Perl advanced output overview

Perl advanced output overview

Perl advanced output overview 150 150 Roderick Derks

In many situations, especially for web programming, you will find that you want to put certain things, such as backslashes or quotes, in your text that aren’t allowed in a traditional print statements. A statement such as

print "I said "I like mangos and bananas". ";

will not work because the interpreter would think that the quotes mark the end of the string. As with all things in Perl, there are many solutions to this problem.

Use other quotes

The quickest solution to this problem would be to use single quotes to surround the string, allowing the use of double quotes in the middle.

# I said "I like mangos and bananas".
print 'I said "I like mangos and bananas".';

This is obviously not the best solution, as it is conceivable that you are trying to print a string containing both kinds of quote:

# I said "They're the most delicious fruits".
print 'I said "They're the most delicious fruits".';

Escape characters

For situations like the above where only a short amount of text is being quoted, a common solution is to escape any quotes in the string. By preceding any quotes with a backslash they are treated as literal characters.

print "I said \"They\'re the most delicious fruits\".";

This of course implies that you also need to escape any backslashes you want to use in your string. To print the line I have written above literally in perl, you would need to write.

print " print \"I said \\\"They\\\'re the most delicious fruits\\\".\";"

Luckily perl provides us with another way of quoting strings that avoids this problem.

Custom Quotes

Perl provides the operators q and qq that allows you to decide which characters are used to quote strings. Most punctuation characters can be used. Here are a few examples:

print qq{ I said "They're the most delicious fruits!". };
print q! I said "They're the most delicious fruits\!". !;

The only symbols I have found that cannot be used for these quotes are $ ` /

Block Output

As can be seen, while the custom quotes option works for short strings, it can run into problems if a lot of text containing a lot of punctuation is output. For this situation, a technique called Block quoting can be used.

print <<OUTPUT
I said "They're the most delicious fruits!".

Any string of characters can be used instead of OUTPUT in the example above. Using this technique anything can be output no matter what characters it contains. The one caveat of this method is that the closing OUTPUT must be the first character on the line, there cannot be any space before it.

print <<EverythingBetween

Variable Output

It is possible to output variables within strings when you use some of these methods:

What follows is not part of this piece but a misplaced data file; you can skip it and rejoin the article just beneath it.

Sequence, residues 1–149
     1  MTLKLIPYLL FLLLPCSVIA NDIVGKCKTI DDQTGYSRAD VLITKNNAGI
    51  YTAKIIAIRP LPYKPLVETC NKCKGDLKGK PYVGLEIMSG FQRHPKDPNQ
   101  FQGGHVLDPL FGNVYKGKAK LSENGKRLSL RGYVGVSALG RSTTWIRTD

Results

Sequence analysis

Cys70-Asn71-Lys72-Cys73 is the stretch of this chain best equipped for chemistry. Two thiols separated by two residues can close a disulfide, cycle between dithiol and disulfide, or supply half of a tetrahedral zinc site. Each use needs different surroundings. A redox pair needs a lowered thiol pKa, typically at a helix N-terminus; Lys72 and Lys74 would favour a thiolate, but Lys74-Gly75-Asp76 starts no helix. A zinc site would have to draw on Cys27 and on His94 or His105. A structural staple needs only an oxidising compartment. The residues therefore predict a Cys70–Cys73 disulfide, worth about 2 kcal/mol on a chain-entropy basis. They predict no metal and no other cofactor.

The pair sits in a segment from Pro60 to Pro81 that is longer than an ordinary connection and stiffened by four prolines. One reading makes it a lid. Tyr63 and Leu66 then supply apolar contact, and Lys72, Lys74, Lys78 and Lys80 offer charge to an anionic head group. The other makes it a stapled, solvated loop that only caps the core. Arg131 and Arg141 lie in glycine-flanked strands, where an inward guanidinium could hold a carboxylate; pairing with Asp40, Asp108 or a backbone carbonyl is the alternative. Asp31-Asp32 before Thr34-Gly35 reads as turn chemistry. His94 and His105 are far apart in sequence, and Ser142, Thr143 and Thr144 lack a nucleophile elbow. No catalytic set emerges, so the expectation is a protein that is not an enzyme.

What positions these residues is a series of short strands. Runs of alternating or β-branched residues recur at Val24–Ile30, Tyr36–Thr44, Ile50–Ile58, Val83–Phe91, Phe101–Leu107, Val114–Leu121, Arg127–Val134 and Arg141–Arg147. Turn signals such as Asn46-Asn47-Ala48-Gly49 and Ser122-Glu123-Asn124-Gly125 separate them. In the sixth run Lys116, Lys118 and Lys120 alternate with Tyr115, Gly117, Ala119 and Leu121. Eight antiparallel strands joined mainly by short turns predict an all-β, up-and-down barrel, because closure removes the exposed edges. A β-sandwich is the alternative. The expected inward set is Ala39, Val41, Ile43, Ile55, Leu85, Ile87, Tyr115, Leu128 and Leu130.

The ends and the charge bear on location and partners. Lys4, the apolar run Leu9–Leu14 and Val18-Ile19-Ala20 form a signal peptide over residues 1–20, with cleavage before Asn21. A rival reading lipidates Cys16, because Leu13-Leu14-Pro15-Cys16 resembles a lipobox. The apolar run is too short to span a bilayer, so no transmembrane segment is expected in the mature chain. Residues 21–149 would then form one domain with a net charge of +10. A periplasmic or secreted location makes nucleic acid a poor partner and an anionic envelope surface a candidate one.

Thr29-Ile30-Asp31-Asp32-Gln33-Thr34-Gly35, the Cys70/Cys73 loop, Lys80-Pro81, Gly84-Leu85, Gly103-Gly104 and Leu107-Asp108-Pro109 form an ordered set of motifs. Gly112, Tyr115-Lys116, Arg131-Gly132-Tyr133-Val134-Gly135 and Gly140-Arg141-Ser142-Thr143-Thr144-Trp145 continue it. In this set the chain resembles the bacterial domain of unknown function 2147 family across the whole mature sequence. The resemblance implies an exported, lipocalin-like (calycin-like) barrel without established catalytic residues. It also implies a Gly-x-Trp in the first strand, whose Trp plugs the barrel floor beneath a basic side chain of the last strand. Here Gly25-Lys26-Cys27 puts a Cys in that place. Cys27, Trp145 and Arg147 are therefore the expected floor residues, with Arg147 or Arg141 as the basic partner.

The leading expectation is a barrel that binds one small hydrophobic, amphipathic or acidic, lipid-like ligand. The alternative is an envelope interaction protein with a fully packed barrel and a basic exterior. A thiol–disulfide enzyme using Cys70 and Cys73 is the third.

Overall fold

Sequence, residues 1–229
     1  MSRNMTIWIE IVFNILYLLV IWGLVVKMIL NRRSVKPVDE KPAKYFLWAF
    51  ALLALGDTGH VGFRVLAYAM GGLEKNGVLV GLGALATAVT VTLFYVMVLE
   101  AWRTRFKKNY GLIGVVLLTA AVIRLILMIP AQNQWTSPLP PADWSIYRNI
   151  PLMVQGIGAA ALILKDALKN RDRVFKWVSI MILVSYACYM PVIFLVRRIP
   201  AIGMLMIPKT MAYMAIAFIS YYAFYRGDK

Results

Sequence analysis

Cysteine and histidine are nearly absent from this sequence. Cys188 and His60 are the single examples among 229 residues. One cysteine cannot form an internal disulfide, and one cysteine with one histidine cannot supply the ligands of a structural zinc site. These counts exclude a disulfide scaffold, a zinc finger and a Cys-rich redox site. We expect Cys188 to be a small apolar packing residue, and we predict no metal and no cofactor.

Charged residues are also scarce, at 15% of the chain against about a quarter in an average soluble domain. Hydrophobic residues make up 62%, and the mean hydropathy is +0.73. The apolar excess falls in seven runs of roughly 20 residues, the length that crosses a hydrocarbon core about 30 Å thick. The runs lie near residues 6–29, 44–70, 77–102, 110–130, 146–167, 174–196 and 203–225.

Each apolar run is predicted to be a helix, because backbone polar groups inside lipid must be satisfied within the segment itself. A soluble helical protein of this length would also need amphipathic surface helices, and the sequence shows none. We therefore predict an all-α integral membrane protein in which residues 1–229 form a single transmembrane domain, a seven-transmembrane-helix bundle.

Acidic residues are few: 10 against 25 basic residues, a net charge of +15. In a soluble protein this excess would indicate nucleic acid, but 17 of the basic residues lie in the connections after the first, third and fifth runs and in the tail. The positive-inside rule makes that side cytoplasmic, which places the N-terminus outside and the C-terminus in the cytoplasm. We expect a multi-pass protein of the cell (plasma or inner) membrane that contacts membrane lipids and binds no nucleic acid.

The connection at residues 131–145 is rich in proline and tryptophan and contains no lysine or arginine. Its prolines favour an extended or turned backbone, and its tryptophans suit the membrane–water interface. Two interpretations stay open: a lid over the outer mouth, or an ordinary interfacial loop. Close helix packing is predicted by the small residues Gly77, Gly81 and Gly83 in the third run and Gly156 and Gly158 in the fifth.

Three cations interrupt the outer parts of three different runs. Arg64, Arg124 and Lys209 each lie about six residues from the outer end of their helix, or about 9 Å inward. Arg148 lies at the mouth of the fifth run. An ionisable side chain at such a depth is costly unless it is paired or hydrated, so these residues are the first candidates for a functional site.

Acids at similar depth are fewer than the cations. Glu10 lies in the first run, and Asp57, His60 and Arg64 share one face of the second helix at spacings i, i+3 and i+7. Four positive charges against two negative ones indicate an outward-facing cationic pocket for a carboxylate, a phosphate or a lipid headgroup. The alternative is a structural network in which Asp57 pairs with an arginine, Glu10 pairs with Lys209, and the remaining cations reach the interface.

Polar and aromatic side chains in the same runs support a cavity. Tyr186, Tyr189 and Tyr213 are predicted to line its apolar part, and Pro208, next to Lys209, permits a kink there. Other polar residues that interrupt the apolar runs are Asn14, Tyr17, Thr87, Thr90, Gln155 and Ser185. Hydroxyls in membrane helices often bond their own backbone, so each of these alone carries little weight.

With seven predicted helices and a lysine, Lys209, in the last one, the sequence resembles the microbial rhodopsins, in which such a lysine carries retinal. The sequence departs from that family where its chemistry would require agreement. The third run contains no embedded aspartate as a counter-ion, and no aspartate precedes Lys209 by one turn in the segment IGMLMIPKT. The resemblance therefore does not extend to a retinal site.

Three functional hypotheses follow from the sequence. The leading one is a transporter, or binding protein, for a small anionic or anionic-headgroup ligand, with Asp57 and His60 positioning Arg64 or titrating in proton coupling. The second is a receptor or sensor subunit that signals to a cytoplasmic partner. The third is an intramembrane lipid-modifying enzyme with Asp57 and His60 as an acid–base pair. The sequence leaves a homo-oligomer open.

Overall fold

my $one = 'mangoes';

print "I like $one."; # I like mangoes.
print 'I like $one.'; # I like $one.
print qq@ I love $one.@; # I love mangoes.
print q#I love $one.#; # I love $one.

print <<OUT
I love $one
OUT; # I love mangoes

print <<'OUT'
I love $one
OUT; # I love $one

Collect data and print it in a nice way on the screen

# this is to create a report that can be printed to the screen or to a file
formline q{@<<<<<<<<<<<<<<<<<< @<<<<<<<<<<<<<<<< @<<<<<<<<<<<<<<<<<<<<<<<<<<<<<<< @<<<< @<<<<<<<<<<   @>\@<<
}, $mac, $ip, $dns, ${StackTypeNumber}, ${stack_copy}, ${switch}, ${port};
# this is to print the collected statistics to a variable
$rapport = $^A;

This is an internal function used by formats, though you may call it, too. It formats (see the perlform manpage) a list of values according to the contents of PICTURE, placing the output into the format output accumulator, $^A (or $ACCUMULATOR in English). Eventually, when a write() is done, the contents of $^A are written to some filehandle, but you could also read $^A yourself and then set $^A back to “”. Note that a format typically does one formline() per line of form, but the formline() function itself doesn’t care how many newlines are embedded in the PICTURE. This means that the ~ and ~~ tokens will treat the entire PICTURE as a single line. You may therefore need to use multiple formlines to implement a single record format, just like the format compiler.

Be careful if you put double quotes around the picture, because an “@” character may be taken to mean the beginning of an array name. formline() always returns TRUE. See the perlform manpage for other examples.



The single quote ‘ q{ and double quote ” qq <<A operators, behave differently. Whereas when using double quotes, you can include variables and escape any characters, when you use single quotes you can only escape single quotes and you cannot include variables.

Roderick Derks

Liefhebber van fietsen, van het oplossen van IT puzzels, en van het delen van informatie om anderen te helpen.

All stories by:Roderick Derks

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